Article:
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Tobago is the smaller of the two main islands that make up the Republic of Trinidad and Tobago. It is located in the southern Caribbean Sea, northeast of the island of Trinidad and southeast of Grenada. The island lies outside the hurricane belt.
Tobago has a land area of 300 km˛ (116 mi˛), and is approximately 42 kilometres long and 10 kilometres wide. It is located at latitude 11° 9' N, longitude 60° 40' W, slightly north of Trinidad. The population is 54,084 (2000). The capital is Scarborough, with a population of about 17,000. While Trinidad is multiethnic, the population of Tobago is overwhelmingly Afro-Tobagonian, although with a growing proportion of Indo-Trinidadians and Europeans (predominantly Germans and Scandinavians). Between 1990 and 2000, the population of Tobago grew by 11.28 percent, making it one of the fastest growing areas of the country.
Tobago is primarily hilly and of volcanic origin. The southwest of the island is flat and consists largely of coralline limestone. The hilly spine of the island, the Main Ridge. The highest point in Tobago is the 550 metre (1804 ft) Pigeon Peak near Speyside.
Tobago is divided into seven parishes - Saint Andrew, Saint David, Saint George, Saint John, Saint Mary, Saint Patrick and Saint Paul.
At the time of European contact, Tobago was inhabited by Island Caribs. According to the earliest English-language source cited in the Oxford English Dictionary, it bore a name that has become the English word tobacco.
The first European visitors appear to have been English adventurers in 1580 and in 1608; James I claimed Tobago for England. The first European settlers were Dutchmen who formed a short-lived settlement at New Walcheren or modern Plymouth. The island changed hands at least 22 times altogether between the French, Dutch, British and Courlanders (the Duchy of Courland was located in what is now modern western Latvia) and was controlled at times by various pirate groups. It was finally ceded to the British in 1814 at the Treaty of Paris. From 1833 to 1889, it was part of the British Windward Islands colony.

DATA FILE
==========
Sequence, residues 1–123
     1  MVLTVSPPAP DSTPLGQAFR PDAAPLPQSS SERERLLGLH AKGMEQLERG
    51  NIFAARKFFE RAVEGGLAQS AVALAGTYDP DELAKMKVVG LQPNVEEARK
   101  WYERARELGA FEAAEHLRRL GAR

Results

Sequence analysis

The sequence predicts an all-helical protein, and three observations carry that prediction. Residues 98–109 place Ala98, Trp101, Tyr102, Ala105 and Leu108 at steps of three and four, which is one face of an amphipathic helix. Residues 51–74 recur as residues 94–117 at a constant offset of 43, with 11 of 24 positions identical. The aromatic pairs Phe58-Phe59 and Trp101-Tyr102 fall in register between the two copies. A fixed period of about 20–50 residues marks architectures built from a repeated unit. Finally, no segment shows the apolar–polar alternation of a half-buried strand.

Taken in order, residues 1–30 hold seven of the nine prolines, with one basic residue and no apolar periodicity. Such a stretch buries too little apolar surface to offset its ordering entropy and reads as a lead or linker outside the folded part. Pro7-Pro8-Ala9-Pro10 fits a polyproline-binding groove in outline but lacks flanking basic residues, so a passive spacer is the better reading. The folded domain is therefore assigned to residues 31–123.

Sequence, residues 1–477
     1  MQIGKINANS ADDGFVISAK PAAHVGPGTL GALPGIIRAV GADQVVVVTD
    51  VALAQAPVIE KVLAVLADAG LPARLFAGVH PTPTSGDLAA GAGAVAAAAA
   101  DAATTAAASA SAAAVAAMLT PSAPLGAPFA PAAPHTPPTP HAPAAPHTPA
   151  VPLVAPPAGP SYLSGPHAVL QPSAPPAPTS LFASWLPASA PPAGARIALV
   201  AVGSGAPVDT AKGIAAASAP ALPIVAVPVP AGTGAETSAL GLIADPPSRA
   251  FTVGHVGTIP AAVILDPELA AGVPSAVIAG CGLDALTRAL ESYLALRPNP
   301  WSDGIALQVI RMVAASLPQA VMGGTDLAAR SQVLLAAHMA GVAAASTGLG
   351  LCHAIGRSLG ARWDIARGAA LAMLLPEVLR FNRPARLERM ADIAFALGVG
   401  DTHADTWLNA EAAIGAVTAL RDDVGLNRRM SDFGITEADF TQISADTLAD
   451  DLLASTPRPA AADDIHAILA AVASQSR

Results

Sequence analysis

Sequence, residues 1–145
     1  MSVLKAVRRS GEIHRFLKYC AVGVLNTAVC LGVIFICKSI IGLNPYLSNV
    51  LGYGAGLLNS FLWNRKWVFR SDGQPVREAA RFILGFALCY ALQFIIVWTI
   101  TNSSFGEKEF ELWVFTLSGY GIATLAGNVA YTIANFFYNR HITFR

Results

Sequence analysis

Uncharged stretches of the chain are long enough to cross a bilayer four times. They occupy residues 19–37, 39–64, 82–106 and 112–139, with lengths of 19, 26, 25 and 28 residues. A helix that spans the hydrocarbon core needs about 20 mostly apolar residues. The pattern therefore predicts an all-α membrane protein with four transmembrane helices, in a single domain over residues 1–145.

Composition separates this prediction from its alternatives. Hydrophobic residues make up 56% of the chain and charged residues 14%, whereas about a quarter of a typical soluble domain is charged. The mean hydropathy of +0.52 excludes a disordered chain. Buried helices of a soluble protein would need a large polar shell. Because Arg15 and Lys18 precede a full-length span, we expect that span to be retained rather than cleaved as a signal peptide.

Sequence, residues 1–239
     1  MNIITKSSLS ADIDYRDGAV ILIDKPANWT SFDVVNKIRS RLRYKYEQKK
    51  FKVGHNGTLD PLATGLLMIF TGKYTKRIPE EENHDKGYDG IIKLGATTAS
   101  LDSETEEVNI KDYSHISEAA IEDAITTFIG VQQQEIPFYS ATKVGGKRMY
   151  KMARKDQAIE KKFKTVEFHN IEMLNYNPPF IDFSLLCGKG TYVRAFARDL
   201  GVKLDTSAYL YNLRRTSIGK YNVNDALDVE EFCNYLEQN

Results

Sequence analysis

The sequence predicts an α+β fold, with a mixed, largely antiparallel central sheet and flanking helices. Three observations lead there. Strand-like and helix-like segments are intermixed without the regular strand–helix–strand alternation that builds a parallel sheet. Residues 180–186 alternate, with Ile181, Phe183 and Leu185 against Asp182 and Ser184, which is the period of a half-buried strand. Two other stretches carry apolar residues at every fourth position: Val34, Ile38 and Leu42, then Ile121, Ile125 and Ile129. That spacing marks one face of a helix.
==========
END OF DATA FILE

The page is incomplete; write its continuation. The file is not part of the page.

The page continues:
Originally a sugar colony, Tobago's economy collapsed after the abolition of slavery. In 1889, Tobago was made a Ward of Trinidad, and remained one until 1 August 1962, when Trinidad and Tobago became an independent Commonwealth country and together became a republic in 1976.
The island of Tobago is also thought to be the island that the story Robinson Crusoe was written about. However, the book is probably based on the experiences of Alexander Selkirk, who was marooned in the Pacific's Juan Fernandez Islands.
The climate is tropical, and the island lies just south of the Atlantic hurricane belt. Average rainfall varies between 3800 mm on the Main Ridge to less than 1250 mm in the south-west of the island. There are two seasons: a wet season between June and December, and a dry season between January and May.
The principal economic forces in Tobago are tourism and government spending. Conventional beach and water-sports tourism is largely focussed in the south-east around the airport and the coastal strip; however, ecotourism is growing in significance, and much of it is focussed on the large area of protected forest in the centre and north of the main island and on Little Tobago, a small island off the north east tip of the main island.
Tourism is concentrated in the southwest of the island, around Crown Point, Store Bay, Pigeon Point and Buccoo Reef. This area has large expanses of sand and is dominated by resort type developments. Tobago has many idyllic beaches around its coastline, especially those at Castara, Bloody Bay, and Englishman's Bay.
Tobago is linked to the world through the Crown Point International Airport and the Scarborough harbour. Domestic flights connect Tobago with Trinidad, and international flights connect with the Caribbean and Europe. There is also a daily fast ferry service between Port of Spain and Scarborough.